top of page
VIDEO

Macro Invertebrate Sampling Program

As we work to restore the health of the Big Wood River, it is critical to look at the overall system health - from top to bottom - to design restoration projects that can have the greatest impact on creating a healthy Big Wood River. As our community has learned, the Big Wood River is not the river it once was - the fishery began deteriorating when settlers first moved into the area, and has continued to suffer to this day.   In fact, the river is in a number of violations with the Idaho Department of Environmental Quality, further proving the overall degradation of the watershed.  

The Wood River Land Trust is working to address these issues, and the first step in addressing any problem is to better understand it!

During the winter of 2022, we launched a key program that will give us the ability to measure the health of the river without resorting to costly water quality monitoring. This new key tool in our arsenal is our macroinvertebrate sampling program.  This program will allow us to monitor trends of the health of the Big Wood River over time. 

  

Aquatic macroinvertebrates are small animals that live in water, are big enough to see with the naked eye, and have no backbone. These animals include many types of insects as well as other animals such as worms, mollusks, and crustaceans. Most aquatic macroinvertebrates make their homes in rocks, leaves, and the sediment of streambeds. 

Using macroinvertebrates offers certain advantages for monitoring such as their ubiquitous nature,  a spectrum of environmental responses, longer life cycles, easy sampling methods, and suitability of certain bugs for experimental studies of pollution effects.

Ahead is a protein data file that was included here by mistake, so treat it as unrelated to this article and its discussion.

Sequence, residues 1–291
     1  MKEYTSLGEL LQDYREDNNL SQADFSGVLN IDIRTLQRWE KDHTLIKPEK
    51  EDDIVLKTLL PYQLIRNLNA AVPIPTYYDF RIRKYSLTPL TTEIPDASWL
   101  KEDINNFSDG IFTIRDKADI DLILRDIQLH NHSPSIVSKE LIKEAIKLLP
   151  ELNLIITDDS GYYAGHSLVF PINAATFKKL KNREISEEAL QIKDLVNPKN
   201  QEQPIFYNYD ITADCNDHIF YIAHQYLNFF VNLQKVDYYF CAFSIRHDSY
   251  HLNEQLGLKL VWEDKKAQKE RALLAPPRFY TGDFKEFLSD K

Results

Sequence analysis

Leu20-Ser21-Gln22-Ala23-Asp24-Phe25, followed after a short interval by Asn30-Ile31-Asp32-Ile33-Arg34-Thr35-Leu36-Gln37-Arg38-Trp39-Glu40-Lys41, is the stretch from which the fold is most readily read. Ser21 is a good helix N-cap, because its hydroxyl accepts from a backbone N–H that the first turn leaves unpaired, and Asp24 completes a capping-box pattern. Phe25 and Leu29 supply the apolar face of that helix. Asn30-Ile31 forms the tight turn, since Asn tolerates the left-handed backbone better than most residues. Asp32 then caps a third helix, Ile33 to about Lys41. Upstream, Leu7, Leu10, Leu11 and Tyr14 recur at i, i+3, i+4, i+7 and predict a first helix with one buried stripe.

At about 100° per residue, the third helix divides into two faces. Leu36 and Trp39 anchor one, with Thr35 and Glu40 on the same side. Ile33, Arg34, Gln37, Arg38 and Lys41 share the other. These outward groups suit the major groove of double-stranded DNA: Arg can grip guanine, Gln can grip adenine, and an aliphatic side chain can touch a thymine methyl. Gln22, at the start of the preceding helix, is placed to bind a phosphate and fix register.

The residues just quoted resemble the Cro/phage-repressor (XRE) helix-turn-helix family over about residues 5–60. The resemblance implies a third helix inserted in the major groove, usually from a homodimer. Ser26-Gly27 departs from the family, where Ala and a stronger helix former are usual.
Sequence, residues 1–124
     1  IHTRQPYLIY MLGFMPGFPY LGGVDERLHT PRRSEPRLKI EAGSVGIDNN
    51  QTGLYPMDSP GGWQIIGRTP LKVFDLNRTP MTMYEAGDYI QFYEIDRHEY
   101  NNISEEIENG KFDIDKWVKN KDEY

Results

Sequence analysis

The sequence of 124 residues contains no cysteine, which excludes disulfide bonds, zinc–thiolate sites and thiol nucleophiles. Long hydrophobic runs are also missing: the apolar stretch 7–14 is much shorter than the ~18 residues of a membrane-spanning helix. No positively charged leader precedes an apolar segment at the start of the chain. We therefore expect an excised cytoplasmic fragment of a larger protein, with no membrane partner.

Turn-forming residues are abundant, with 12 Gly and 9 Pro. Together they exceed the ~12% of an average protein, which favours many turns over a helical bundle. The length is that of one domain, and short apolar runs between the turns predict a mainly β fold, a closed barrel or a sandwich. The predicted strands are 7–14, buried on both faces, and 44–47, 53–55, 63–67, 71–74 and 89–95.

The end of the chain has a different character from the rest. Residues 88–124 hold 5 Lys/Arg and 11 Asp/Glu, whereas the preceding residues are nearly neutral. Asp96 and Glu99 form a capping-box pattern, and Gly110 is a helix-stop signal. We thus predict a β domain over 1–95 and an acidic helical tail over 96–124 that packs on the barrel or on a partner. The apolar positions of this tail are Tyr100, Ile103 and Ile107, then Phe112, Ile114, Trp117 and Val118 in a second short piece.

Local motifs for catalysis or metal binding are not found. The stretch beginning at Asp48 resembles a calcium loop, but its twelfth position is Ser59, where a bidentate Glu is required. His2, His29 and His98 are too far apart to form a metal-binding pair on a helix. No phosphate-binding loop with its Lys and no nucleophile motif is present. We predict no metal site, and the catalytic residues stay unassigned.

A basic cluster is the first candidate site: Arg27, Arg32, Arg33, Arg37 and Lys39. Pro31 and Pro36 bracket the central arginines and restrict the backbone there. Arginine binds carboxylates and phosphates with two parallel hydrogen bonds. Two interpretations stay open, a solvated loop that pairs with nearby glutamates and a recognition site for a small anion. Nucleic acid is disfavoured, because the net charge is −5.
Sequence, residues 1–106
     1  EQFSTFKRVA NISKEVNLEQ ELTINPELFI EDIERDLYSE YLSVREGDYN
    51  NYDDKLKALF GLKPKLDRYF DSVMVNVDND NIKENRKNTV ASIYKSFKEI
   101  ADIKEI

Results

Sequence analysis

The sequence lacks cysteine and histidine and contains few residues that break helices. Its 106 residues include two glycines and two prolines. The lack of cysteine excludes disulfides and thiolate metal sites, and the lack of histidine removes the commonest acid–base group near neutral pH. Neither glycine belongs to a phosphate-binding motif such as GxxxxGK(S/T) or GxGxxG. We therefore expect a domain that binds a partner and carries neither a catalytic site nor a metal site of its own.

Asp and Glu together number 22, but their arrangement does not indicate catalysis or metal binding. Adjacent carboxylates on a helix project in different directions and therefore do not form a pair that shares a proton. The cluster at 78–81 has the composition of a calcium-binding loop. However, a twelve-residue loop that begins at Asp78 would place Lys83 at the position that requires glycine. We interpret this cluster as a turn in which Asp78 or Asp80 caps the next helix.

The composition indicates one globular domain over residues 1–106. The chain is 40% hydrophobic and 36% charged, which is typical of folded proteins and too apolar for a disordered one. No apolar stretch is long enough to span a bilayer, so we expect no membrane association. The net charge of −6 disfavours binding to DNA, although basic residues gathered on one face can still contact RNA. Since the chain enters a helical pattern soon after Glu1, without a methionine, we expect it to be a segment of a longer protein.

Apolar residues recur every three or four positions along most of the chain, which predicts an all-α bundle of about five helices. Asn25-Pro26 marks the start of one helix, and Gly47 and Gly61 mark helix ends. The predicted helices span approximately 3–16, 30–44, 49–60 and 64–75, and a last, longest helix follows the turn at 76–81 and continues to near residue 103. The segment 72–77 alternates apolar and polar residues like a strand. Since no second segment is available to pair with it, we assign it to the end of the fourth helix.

Because of this, monitoring aquatic macroinvertebrates has become the standard method for government agencies, scientists, and organizations like the Wood River Land Trust to keep track of trends in aquatic ecosystem health.

WHERE WE SURVEY

When the Land Trust launched our first macroinvertebrate survey, we chose sample sites where previous survey work had been done by the USGS in 2014.  While our monitoring differed from the work done by the USGS, there were enough similarities that we will be able to compare our work with the baseline USGS data.  

It is important for us to align with this USGS data because that is the only known macroinvertebrate survey that has been done in the Big Wood watershed.

HOW WE SURVEY

Five samples are taken at each site, using a “stratified sampling design”.  This means that we choose sample sites that are as similar as possible, aside from the variable we’re testing for.  In our testing, we want to test the different effects of stream velocity, so we make sure other variables (water depth, bed surface) are the same across sample sites.

This allows us to analyze the effects of stream velocity - as velocity is a driver for much of the variation in macroinvertebrate communities.

RESULTS

The results will allow WLRT staff to conduct an analysis, producing summary statistics and trend reports for the season. To an extent, these summary statistics can be compared to the 2014 USGS data, and will provide a baseline for our annual trend monitoring program.

These bugs are important because they are an integral part of the food chain. They provide food for fish and other aquatic organisms. Many of them are also key indicator species. They can tell us about the quality of the water where they are found. Bugs that have a low tolerance to pollution tell us that the water they are found in is relatively healthy. If we do not find these bugs, then it could possibly be due to some sort of pollutant or other impairment to the water body. 

These trends, along with other data,will provide science based characterizations on how the watershed is faring and whether or not our streams are meeting water quality standards.

GET INVOLVED!

If you’d like to continue to see these and other critical science based techniques used on the Big Wood River, get involved today!  Send a donation in, or sign up to volunteer to help out when we begin surveying in late February/early March.

bottom of page